Among lesbian, gay and bisexual adults, 30 percent of men and 36 percent of women also identify as having a disability. The disability community intersects with every other minority group, and the LGBTQ community is no exception. The LGBTQ rights movement has made tremendous progress over the past five years, but there is a lot of work left to be done to ensure that LGBTQ people are truly equal.
Both people who identify as LGBTQ and people who have invisible disabilities such as learning disabilities like dyslexia, mental health or ADHD have to decide whether or not to “come out of the closet.” This is not an easy decision for most people because of the uncertainty of whether or not acceptance will follow. LGBTQ youth who come out sometimes are rejected by their families and friends. Some are even kicked out of their homes and forced to live on the streets. According to a University of Chicago report, LGBTQ young adults had a 120 percent higher risk of reporting homelessness compared to youth who identified as heterosexual and cisgender.
Honoring LGBTQ People with Disabilities Who Are Making a Difference in the World
Some celebrities and business leaders are using their voice to share their stories, educating people about both visible and invisible disabilities. They are defying the statistics and have remained highly successful with their disabilities. Notable examples include political activist Justin Chappell who is a wheelchair user, CNN anchor Anderson Cooper who is dyslexic, actor Josh Feldman who is deaf, comedian Stephen Fry who has bipolar disorder, artist Frida Kahlo who had polio and spinal and pelvis damage, Eddie Ndopu who has Spinal Muscular Atrophy, YouTuber Tyler Oakley who has depression, model Aaron Philip who is a wheelchair user with cerebral palsy, writer Leah Piepzna-Samarasinha who is chronically ill and journalist Melissa Yingst who is deaf.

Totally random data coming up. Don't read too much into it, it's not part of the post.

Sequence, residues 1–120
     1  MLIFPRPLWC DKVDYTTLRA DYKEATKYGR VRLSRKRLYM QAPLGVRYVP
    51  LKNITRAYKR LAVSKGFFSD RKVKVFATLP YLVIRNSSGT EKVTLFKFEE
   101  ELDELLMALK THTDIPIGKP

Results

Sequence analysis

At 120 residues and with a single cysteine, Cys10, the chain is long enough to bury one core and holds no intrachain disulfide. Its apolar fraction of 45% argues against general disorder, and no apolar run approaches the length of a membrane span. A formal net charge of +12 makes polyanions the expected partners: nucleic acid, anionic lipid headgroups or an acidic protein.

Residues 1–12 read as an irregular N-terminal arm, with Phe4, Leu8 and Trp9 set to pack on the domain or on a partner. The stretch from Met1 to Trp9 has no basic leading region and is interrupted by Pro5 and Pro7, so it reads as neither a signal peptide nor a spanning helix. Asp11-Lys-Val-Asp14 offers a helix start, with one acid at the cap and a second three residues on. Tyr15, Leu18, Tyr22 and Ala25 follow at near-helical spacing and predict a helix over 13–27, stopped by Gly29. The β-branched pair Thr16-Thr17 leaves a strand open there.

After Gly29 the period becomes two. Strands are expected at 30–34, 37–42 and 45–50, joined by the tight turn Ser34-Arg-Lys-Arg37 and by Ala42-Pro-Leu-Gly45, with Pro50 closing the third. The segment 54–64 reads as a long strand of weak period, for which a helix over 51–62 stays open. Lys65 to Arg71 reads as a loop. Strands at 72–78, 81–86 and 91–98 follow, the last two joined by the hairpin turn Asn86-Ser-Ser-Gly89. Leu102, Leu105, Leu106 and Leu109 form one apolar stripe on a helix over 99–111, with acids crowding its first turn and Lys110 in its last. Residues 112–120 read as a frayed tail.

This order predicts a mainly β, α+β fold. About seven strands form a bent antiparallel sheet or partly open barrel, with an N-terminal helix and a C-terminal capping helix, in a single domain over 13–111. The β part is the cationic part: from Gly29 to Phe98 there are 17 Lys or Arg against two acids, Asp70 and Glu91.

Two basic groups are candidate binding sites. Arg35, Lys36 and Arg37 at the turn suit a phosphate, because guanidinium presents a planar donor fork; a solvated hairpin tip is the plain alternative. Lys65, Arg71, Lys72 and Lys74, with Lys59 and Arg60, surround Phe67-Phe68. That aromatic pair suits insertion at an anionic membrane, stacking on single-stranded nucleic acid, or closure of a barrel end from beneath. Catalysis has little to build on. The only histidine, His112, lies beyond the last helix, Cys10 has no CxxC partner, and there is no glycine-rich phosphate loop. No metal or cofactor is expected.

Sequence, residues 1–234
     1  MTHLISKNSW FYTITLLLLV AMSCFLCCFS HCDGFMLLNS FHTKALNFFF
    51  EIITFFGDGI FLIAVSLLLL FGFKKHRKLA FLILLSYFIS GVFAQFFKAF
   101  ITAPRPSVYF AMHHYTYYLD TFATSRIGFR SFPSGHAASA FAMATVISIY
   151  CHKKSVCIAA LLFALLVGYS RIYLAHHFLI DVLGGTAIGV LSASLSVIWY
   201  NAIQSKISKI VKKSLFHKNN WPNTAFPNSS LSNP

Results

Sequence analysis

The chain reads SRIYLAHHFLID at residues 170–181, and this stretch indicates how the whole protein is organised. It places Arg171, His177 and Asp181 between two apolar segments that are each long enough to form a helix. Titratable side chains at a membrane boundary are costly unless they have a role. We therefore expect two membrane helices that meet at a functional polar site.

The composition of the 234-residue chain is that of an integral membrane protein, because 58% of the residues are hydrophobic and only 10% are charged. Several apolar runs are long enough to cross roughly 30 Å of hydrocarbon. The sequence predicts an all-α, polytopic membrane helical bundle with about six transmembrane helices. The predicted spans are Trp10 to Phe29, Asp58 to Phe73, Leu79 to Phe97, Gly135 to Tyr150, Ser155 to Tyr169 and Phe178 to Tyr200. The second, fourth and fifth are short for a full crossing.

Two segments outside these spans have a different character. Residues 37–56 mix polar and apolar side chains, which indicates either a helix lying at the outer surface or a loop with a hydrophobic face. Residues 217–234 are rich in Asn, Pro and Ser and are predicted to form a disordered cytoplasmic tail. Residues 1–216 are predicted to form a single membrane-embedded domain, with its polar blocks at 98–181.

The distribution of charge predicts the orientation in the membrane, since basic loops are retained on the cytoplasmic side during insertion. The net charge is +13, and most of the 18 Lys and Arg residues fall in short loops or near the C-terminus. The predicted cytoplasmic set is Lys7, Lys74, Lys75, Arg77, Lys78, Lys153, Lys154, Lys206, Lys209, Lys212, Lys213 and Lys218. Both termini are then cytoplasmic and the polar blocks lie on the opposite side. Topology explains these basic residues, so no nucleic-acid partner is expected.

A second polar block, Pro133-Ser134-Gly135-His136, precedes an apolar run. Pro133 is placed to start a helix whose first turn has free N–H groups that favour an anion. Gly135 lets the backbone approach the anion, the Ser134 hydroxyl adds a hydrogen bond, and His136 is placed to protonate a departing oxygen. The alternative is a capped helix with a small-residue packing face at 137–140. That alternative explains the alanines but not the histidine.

Our nation’s economy is strongest when it is inclusive of the value that diverse talent brings to the workplace. These celebrities are making a difference in how audiences, both LGBTQ and straight, perceive disability and in setting high expectations for youth with disabilities. People with disabilities of all backgrounds can be amongst the highest achievers on earth. Having LGBTQ people with disabilities as positive role models for success is important for children and young adults who identify as members of both of these communities.
LGBT Leaders Using Influence to Ensure Inclusion for All, Including People with Disabilities
Others like television pioneer Jonathan Murray and philanthropist Darren Walker who do not have a disability themselves but know what it is like to be stigmatized as people who are openly gay have used their influence to ensure more inclusion of people with disabilities as well. Their work has enabled many more people who identify as both LGBTQ and having a disability to succeed.
Employing LGBTQ Individuals with Disabilities
Our nation’s economy is strongest when it is inclusive of the value that diverse talent brings to the workplace. Today companies such as JPMorgan Chase, Coca-Cola, Walgreens, Microsoft, EY and others realize that hiring people with disabilities leads to a better bottom line. What these businesses have found is that employees with disabilities are loyal, successful and help them make more money.
RespectAbility, a nonprofit organization fighting stigmas and advancing opportunities for people with disabilities, and its partners have introduced replicable stigma-reduction and proven employment practices that have helped lead to a 4-fold improvement in jobs for people with disabilities. At the same time, it is helping employers because people with disabilities bring innovation, loyalty and great work. But more people with disabilities need education, skills and jobs for the future.
RespectAbility’s resources, including for philanthropists interested in this sector, will continue to assist with achieving this goal.